At 12, her rugby career came to an end. “The boys were getting really big and I wasn’t allowed in the changing sheds,” Sharpe says. “My primary teacher told me it was time I started wearing dresses and playing a girls’ sport, so I took up netball.”

Then in her first year at Penrose High School, her form teacher Sally Robbins – who played football for Ellerslie – recognised her potential and invited her to play for the school’s football team.

The late Eric Pritchard, a huge supporter of the women’s game, saw Sharpe play – “in sandshoes” – and invited her to join his Mt Wellington women’s team.

A defiant but shy 15-year-old, Sharpe had to be dragged to the club by her dad – “I turned up in bare feet and jeans” – and was convinced to play for the team. That was 1979; the following year, she was playing for New Zealand.

Wendy Sharpe playing for Auckland women. Photo: supplied. 

Before she’d even turned out for Auckland (she’d go on to play 90 games and score 113 goals), Sharpe was selected to play against Australia in a three-match series.

She came on as a sub in the first game but was in the starting line-up in the second – and scored her first international goal in a 1-1 draw with the Matildas. “That opened the doors in my career,” she says.

There was one “horrid year” in her career – 1987, when her sister Trudi was killed in a car accident. Sharpe was devastated.

“I didn’t train, I put on weight, I didn’t take football seriously,” she says.

But the New Zealand team manager, Roy Cox, gave Sharpe time and space to grieve, and Cox’s wife, Barbara, captain of the Football Ferns, was like “a second mum” to her. 

“I was a fiery kid and they helped me channel my aggression in the right way. They helped mould me into the person I am today,” she says. “I’ve definitely mellowed.”

Sharpe returned to play at the 1987 women’s world invitational tournament in Taiwan (a precursor to World Cups), and played a huge role in New Zealand’s 1-0 victory over the United States – still the Ferns only win over the football giants.

The US side included football legends Mia Hamm and Michelle Akers. The Ferns also beat Australia and Canada to finish second overall.

Sharpe remembers the racket playing in front of 35,000-strong Taiwanese crowds: “It was scary, especially when you met the home team.”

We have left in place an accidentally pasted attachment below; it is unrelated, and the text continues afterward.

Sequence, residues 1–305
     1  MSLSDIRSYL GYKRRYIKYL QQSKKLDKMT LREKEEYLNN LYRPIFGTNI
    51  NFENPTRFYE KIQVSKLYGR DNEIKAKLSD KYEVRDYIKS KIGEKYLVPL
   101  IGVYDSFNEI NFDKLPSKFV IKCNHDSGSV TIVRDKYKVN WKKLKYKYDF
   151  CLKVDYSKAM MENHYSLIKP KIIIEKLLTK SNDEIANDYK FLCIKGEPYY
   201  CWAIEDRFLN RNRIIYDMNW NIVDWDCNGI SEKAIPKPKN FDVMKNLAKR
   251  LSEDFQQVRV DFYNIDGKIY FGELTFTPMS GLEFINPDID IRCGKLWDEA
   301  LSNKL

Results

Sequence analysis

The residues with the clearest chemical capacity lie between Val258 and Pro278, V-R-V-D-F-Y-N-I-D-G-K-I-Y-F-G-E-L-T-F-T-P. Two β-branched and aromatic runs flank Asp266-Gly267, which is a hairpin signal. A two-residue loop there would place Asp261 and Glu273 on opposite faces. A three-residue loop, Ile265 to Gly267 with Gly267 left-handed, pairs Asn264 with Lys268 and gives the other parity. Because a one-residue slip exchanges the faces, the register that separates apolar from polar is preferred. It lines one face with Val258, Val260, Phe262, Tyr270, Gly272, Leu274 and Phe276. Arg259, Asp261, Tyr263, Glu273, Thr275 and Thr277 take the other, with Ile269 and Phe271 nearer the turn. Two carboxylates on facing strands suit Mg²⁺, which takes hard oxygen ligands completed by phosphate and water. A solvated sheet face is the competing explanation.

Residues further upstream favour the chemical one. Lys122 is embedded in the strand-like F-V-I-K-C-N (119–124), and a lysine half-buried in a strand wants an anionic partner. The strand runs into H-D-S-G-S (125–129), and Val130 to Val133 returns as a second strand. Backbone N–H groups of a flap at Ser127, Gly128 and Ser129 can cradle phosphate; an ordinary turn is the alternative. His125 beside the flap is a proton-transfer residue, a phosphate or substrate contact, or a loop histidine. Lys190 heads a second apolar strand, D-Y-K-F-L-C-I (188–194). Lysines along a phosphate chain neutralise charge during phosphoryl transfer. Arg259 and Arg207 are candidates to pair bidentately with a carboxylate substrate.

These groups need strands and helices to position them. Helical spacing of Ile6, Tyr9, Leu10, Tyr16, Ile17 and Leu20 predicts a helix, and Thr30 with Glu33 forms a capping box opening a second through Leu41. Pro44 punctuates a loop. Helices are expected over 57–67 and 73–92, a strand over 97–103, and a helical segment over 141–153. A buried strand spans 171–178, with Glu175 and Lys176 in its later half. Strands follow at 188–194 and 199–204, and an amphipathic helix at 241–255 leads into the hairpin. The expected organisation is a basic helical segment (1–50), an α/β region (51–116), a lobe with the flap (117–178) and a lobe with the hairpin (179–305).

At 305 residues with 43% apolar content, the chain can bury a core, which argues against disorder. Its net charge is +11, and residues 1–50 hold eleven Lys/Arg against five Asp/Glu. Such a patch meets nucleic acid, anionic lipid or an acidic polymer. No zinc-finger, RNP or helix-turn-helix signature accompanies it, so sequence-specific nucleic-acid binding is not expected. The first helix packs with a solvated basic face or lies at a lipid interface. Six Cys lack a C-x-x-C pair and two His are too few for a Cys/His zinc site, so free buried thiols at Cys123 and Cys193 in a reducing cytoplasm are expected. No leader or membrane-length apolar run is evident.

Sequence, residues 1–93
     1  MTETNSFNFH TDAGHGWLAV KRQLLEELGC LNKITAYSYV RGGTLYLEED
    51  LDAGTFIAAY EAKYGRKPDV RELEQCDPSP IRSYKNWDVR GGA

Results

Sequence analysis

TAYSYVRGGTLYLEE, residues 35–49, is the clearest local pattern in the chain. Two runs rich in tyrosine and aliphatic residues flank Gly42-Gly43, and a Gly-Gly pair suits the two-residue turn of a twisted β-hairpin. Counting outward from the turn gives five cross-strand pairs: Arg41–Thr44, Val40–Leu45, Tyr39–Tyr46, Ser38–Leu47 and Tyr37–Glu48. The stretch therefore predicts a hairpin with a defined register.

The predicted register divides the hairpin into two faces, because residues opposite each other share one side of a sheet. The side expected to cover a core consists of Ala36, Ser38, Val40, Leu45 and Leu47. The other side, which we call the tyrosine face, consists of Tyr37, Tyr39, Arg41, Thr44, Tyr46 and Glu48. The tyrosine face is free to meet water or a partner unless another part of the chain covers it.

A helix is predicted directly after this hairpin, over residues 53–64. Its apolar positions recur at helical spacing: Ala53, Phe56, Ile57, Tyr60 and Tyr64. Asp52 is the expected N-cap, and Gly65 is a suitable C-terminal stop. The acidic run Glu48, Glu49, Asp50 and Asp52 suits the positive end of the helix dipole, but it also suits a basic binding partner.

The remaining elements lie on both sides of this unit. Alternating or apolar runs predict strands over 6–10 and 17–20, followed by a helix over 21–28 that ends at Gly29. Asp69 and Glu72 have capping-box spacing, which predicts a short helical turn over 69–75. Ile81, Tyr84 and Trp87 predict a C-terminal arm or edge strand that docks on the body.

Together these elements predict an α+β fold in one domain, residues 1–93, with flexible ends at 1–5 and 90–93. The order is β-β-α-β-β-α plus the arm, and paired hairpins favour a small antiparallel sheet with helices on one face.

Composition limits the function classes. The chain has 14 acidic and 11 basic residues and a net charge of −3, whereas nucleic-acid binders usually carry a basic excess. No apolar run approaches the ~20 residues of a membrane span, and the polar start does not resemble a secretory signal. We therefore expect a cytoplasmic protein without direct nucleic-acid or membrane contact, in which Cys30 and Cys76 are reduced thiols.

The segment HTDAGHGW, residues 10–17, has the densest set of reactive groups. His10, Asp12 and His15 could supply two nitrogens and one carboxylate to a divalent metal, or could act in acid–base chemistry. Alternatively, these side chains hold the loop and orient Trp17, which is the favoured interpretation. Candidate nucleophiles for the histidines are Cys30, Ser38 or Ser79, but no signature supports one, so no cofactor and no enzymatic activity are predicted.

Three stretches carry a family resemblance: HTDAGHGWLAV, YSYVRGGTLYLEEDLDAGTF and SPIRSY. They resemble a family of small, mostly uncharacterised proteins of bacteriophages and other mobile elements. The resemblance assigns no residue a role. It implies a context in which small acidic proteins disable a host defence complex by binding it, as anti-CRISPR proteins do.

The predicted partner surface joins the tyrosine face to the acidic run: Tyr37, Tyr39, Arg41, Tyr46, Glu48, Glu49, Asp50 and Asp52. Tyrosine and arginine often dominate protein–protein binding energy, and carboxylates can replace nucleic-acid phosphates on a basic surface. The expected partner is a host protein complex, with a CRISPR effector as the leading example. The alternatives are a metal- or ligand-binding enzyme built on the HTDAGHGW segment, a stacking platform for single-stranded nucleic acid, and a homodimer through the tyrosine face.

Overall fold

Team photo of the 1987 Football Ferns bound for Taiwan. Photo: supplied. 

Around that time Sharpe also represented New Zealand in touch – playing in the national mixed team from 1988 to 1991, and also selected in the world mixed team after a tournament in Australia.

“My rugby skills came out on the touch field,” she says. “I loved the pace of it, and the mixed game was more competitive for me.”

For a few years, she was able to play both sports until their seasons overlapped. “My football tours were covered then, but I had to pay my own way with touch,” she says.

In Sydney in 1991, Sharpe scored the goal in a 1-0 victory over Australia at the Nations Cup, which ultimately sealed New Zealand’s spot at the first World Cup in China (where they finished 11th).

She’s watched the current crop of Football Ferns struggling in recent games to post a win or get the ball in the back of the net. She feels for the team.

“It’s a very different game today to my era. No one misses goals on purpose, and there’s a lot of pressure on these players who are really scrutinised now,” she says.

“You either have the instinct to score, or you haven’t. We lived on risk and instinct, making something out of nothing; we played a more physical game. The players now are more technically advanced, and so focused on structure and shape. A few games I’ve watched them they were too possession-based.”

Soon after she played her 50th football game in the New Zealand shirt, Sharpe tore her ACL in a club game for the Waihi women, ending her career.

She’s now waiting for a knee replacement. “But I still kick a ball around with the kids in the backyard, and I get out there with my boots on at trainings and show them what I expect of them,” she says.

Wendy Sharpe is now sharing her coaching knowledge with others. Photo: supplied. 

She’s passing on her coaching knowledge to others, like the Waihi women’s team. “I’m teaching their coach now on how I run sessions,” she says. Last season she ran a Girls and Women’s event in Katikati, and she takes a select group of kids for indoor football.

She loves her work as a healthcare assistant at the rest home, working with stroke and palliative care patients.

During her football career, she had many different jobs – working at a biscuit factory when she left school at 15, then on the factory floor of a manufacturing company: “I liked the physical work”. Working for a pharmaceutical company, she got to travel with the Football Ferns on full pay – and it was the same when she worked for a company installing fire sprinklers.

A cancer scare took her off the tools, and she became a courier driver. That’s when she found out she was pregnant with Chanelle. Sharpe has three children and three grandchildren.

She’s unsure whether she will be at the World Cup games in July and August. Past Football Ferns have been offered free tickets to New Zealand’s pool games against the Philippines in Wellington, and Switzerland in Dunedin.

But she’d like to take her daughters and granddaughters to the opening game of the tournament, when the Football Ferns take on Norway on July 20 at Eden Park: “I want to sit in the stands with them, and soak it all in.”

Suzanne McFadden, the 2021 Voyager Media Awards Sports Journalist of the Year, founded LockerRoom, dedicated to women's sport.

Leave a comment